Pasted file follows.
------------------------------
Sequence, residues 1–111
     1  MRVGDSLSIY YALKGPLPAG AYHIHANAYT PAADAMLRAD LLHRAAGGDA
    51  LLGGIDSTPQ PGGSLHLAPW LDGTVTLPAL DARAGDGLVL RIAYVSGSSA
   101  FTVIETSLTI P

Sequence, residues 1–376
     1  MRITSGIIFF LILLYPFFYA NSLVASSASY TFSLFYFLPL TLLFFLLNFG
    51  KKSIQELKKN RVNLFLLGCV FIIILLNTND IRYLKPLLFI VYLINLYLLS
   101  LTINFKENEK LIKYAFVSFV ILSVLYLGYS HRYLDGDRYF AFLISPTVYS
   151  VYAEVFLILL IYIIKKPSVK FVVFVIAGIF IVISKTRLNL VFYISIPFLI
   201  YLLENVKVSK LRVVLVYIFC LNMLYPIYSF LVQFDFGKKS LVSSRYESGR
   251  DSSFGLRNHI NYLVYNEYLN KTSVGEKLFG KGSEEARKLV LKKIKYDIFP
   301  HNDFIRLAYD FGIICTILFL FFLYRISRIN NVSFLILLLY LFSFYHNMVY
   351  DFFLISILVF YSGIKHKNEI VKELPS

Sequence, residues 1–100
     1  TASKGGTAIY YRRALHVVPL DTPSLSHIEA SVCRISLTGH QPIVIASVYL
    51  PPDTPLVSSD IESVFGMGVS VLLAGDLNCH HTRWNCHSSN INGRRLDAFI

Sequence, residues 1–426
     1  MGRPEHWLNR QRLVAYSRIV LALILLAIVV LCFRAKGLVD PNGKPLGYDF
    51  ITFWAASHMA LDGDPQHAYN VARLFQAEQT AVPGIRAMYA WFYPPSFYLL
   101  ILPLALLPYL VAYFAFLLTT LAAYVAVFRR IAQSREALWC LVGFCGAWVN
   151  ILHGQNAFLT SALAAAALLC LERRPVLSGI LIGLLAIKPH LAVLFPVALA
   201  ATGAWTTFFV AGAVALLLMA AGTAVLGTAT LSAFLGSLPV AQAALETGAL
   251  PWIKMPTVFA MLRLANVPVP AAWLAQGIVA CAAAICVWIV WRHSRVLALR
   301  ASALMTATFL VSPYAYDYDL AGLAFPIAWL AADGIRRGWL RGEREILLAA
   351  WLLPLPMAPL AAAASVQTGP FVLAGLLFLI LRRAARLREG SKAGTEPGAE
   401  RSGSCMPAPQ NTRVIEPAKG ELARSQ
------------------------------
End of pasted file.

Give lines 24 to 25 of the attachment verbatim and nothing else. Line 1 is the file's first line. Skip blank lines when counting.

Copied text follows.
   301  ASALMTATFL VSPYAYDYDL AGLAFPIAWL AADGIRRGWL RGEREILLAA
   351  WLLPLPMAPL AAAASVQTGP FVLAGLLFLI LRRAARLREG SKAGTEPGAE